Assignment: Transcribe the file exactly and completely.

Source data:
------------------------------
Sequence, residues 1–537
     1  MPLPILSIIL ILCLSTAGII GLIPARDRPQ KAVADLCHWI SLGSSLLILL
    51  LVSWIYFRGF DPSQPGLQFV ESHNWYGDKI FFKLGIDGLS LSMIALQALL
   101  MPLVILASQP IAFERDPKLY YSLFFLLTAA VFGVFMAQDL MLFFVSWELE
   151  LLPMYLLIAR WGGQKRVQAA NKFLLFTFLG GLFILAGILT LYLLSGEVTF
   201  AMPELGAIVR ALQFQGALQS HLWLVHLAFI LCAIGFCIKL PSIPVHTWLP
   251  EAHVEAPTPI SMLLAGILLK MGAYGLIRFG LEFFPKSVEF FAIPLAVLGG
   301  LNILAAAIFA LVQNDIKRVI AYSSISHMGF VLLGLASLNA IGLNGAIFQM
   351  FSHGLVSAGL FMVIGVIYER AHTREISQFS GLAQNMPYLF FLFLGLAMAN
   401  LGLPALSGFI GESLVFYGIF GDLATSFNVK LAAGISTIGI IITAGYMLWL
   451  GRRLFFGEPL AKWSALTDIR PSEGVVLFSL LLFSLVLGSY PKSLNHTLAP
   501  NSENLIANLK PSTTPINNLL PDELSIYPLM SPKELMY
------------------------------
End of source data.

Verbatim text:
Sequence, residues 1–537
     1  MPLPILSIIL ILCLSTAGII GLIPARDRPQ KAVADLCHWI SLGSSLLILL
    51  LVSWIYFRGF DPSQPGLQFV ESHNWYGDKI FFKLGIDGLS LSMIALQALL
   101  MPLVILASQP IAFERDPKLY YSLFFLLTAA VFGVFMAQDL MLFFVSWELE
   151  LLPMYLLIAR WGGQKRVQAA NKFLLFTFLG GLFILAGILT LYLLSGEVTF
   201  AMPELGAIVR ALQFQGALQS HLWLVHLAFI LCAIGFCIKL PSIPVHTWLP
   251  EAHVEAPTPI SMLLAGILLK MGAYGLIRFG LEFFPKSVEF FAIPLAVLGG
   301  LNILAAAIFA LVQNDIKRVI AYSSISHMGF VLLGLASLNA IGLNGAIFQM
   351  FSHGLVSAGL FMVIGVIYER AHTREISQFS GLAQNMPYLF FLFLGLAMAN
   401  LGLPALSGFI GESLVFYGIF GDLATSFNVK LAAGISTIGI IITAGYMLWL
   451  GRRLFFGEPL AKWSALTDIR PSEGVVLFSL LLFSLVLGSY PKSLNHTLAP
   501  NSENLIANLK PSTTPINNLL PDELSIYPLM SPKELMY